A new art exhibition in Bulgaria, titled The Other Bulgarian Women, will highlight the experiences of the country’s trans women in honor of International Women’s Day. In three-dimensional plexiglass photographic arrangements, the exhibition will depict trans women in traditional Bulgarian dress and wreathed in Bulgarian flowers as a statement of national identity. It is a statement being hotly (if predictably) contested by nationalist groups.
The artist Mísho explained to The Calvert Journal, “Nationalists would say that through my art I am changing the meaning of history — as a criticism. They don’t want trans women to wear our traditional dress, and touch our symbolic Bulgarian rose. But LGBTQ+ people are Bulgarian, just like everyone else in this country.”
The exhibition is inspired by the classic paintings by Bulgarian artist Vladimir Dimitrov, particularly his series on peasant women in the 1920s and 30s. Mísho told PinkNews, “I realised that the women in Bulgaria before the era of feminism couldn’t work, she couldn’t take any part of our society and the only right she had was to stay at home – like the trans women right now in Bulgaria.” He explained that in the case of modern trans women, they are staying home out of fear of violence.
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Initially, it seemed the exhibition might avoid reprisals. Mísho received a grant of £4,000 in 2020 from the Ministry of Culture. On the significance of this small gesture, Mísho remarked (per The Calvert Journal), “The fact that the authorities gave me some money is important because it was the first time that the Bulgarian government acknowledged that Bulgarian trans women exist.”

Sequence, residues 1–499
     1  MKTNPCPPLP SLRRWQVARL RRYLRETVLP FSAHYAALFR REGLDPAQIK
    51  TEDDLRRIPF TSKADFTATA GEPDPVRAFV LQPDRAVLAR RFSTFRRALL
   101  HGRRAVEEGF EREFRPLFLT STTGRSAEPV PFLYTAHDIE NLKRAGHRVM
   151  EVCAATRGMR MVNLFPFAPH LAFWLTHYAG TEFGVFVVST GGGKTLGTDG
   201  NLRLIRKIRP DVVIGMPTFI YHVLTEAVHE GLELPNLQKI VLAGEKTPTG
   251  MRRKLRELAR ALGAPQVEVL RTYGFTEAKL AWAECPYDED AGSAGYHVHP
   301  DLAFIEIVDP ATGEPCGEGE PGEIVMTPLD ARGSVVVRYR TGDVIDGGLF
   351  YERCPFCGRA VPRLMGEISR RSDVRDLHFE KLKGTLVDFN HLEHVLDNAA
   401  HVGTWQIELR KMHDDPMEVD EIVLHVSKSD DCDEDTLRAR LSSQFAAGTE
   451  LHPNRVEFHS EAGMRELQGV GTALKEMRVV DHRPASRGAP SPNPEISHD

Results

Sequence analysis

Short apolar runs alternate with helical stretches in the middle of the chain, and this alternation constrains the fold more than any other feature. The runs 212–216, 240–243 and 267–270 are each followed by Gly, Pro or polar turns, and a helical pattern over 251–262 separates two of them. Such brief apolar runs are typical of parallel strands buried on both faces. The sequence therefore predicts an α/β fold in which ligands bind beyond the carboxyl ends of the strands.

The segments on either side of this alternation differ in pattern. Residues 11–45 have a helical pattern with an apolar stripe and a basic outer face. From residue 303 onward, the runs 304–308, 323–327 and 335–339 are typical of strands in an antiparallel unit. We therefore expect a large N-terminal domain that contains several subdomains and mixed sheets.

What incremental progress this represents was immediately challenged by a loud contingent of people unhappy with the state sponsorship. The Minister of Culture and members of the commission who awarded the grant were pressured to resign (half of whom did).
Now, nationalist groups are planning to protest the exhibition’s opening on March 8th at The Steps gallery. Feminist Mobilisations, a Bulgarian activist group that promotes LGBTQ+ inclusivity in feminism, had planned to march in support of the opening when they learned of protests from the far right. What began as a march of solidarity is quickly shaping up to be a counter-protest.
One of the organizers, Gigi, shared her concerns with PinkNews that the police could not be counted on for protection. “We don’t trust the police – bearing in mind their track record – and in the past year, there have been dozens of cases of anti-LGBTI violence by the Nazis towards a lot of us,” she said. “There’s been a lot of attacks in the last year, including physical violence, and the police basically do nothing. They’re not really there to keep us safe, and we know this.”
In spite of this, the group refuses to back down in their support of the opening. “It’s really scary. But we don’t feel like there’s an alternative,” Gigi said. “The only alternative I can think of is to stay home and not do this. It’s not a choice that we can make. We’re going to be there, and whatever happens, happens.
“All we can do is try to gather more people, try to make people see why these things are important to fight for and hopefully something might change at some point.”
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